Forget Texas A&M, We Want to See Alabama vs. Oregon

Adam Kramer@kegsneggsNational College Football Lead WriterSeptember 15, 2013

It’s the matchup that's been in the making for years—like two heavyweight prizefighters unable to reach an agreement despite the public’s vocal push—and on Saturday, both Alabama and Oregon gave fans a taste of "what if" yet again.

That's no knock on Texas A&M, which was absolutely fabulous in its loss to Alabama. In fact, at one point on Saturday afternoon, Alabama and Oregon were down a collective 21-0 to A&M and Tennessee.

At almost the same moment, however, both teams hit that familiar extra gear.

Alabama quickly fell behind Texas A&M 14-0, as quarterback Johnny Manziel did, well, pretty much exactly what he did to Nick Saban’s group last season.

Manziel was masterful on the afternoon—outside of two key interceptions—finishing with a staggering 562 yards of total offense. But it was Alabama’s offense that took over the game in the second quarter, even opening it up a bit with a flea-flicker that helped this surge.

AJ McCarron didn’t post the video-game numbers that Manziel did, but his 334 passing yards and four touchdowns were monstrous as well. The Alabama offense looked much improved after a shaky Week 1 performance, and the running backs averaged 6.3 yards per carry.

That’s more like it.

It was tense, despite the feeling of a blowout brewing in the third quarter, but the Crimson Tide eventually overpowered the Aggies in their own building. Saban withstood Manziel’s best punches, including this freakish first down on a play that will be remembered for quite some time.

There were a flurry of these Manziel moments, but Alabama punched back, backing up its No. 1 ranking in the highly anticipated game with a 49-42 victory.

Hundreds of miles away, Oregon gave up a quick “uh-oh” touchdown to Tennessee early on in its own building. That was the only “uh-oh” of the day, and really, there was no need to fret.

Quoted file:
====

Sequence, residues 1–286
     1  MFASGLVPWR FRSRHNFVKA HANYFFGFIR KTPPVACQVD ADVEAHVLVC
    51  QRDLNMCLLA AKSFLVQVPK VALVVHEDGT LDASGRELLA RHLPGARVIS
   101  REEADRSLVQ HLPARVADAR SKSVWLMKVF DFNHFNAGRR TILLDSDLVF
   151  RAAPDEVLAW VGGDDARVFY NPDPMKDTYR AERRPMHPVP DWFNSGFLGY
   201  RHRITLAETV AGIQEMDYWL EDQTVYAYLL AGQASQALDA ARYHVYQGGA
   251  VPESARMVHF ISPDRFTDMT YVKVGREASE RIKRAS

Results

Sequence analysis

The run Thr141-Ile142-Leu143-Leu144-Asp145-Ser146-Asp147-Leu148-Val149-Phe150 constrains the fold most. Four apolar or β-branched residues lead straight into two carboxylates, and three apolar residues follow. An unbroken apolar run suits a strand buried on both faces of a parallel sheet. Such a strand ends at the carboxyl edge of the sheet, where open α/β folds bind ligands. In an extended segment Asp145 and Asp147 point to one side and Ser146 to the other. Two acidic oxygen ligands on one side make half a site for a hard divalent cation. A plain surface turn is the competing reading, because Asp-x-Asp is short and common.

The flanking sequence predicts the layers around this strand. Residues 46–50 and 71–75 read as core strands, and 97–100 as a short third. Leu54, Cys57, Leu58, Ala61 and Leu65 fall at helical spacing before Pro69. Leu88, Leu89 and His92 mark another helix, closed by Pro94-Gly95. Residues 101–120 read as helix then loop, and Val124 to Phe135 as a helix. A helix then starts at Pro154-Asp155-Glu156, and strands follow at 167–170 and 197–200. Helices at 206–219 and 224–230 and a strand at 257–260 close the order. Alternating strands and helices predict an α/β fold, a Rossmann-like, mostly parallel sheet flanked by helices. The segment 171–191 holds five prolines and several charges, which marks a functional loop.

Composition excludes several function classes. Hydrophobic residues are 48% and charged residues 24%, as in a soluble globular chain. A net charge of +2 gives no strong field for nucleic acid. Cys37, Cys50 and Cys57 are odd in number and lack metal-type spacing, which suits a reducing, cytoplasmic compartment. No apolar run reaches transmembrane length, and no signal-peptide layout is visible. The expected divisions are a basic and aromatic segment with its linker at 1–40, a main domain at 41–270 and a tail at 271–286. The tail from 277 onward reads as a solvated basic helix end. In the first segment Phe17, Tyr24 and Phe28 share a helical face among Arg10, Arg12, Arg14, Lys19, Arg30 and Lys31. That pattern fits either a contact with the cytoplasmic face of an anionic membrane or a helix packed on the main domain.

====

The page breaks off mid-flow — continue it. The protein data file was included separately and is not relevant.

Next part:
Quarterback Marcus Mariota went absolutely berserk, finishing up with 456 yards passing—a career high—and five touchdowns (one rushing). He eclipsed his original high for a game at the start of the third quarter, and the Ducks had to hit the brakes.

The loss of Chip Kelly? No big deal, at least not yet. Oregon has scored at least 59 points in all three games (184 points total in three games), and the Ducks manhandled Tennessee 59-14.

And so the teams that have grown comfortable at the top of the polls will stay exactly where they are, Nos. 1 and 2. If the season were to end today—and thank goodness it won’t, because this is all far too much fun—they would meet in the final BCS National Championship Game.

What a fitting matchup it would be.

Of course, it’s important to highlight that we’re only in Week 3. There is ample football to be played with tough opponents on the horizon, and it’s not that easy, despite how easy these two teams make it look at times.

Oregon’s toughest opponent is still to come, as a Nov. 7 date at Stanford will have a dramatic impact on the Pac-12 and national picture. The Ducks will also play at Washington and at home against UCLA, a team that looks incredibly dangerous.

Alabama still must face Ole Miss and LSU—teams with incredibly high ceilings—although both of these games will be played at home. And if the plan for this dream matchup somehow follows the undefeated blueprint, each team will have to emerge victorious from its conference championship game.

As we’ve seen in the past few seasons, however, things rarely sort themselves out this smoothly. There’s a long way to go, and each Saturday presents its own unexpected oddities.

But the possibility of the dream matchup, the one that has been elusive for so long, is real again, and it was on display Saturday afternoon.


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